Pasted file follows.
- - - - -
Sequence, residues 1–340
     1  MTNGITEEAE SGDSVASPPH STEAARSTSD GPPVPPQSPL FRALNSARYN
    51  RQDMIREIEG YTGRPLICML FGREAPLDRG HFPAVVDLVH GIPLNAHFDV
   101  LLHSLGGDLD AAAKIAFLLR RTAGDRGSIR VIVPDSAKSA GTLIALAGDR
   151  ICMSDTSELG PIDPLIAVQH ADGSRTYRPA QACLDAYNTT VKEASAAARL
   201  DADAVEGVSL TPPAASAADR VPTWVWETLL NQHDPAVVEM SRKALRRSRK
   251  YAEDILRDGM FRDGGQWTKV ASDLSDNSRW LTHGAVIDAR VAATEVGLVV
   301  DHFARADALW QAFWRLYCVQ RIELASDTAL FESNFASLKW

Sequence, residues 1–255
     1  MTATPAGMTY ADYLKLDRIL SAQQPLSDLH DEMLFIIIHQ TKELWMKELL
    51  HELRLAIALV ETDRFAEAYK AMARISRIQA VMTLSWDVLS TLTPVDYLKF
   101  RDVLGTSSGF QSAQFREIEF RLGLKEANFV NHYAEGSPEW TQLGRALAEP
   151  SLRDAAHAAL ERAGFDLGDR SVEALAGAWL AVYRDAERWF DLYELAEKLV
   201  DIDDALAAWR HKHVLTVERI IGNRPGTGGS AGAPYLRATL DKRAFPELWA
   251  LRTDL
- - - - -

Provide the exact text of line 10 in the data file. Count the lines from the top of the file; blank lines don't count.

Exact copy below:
     1  MTATPAGMTY ADYLKLDRIL SAQQPLSDLH DEMLFIIIHQ TKELWMKELL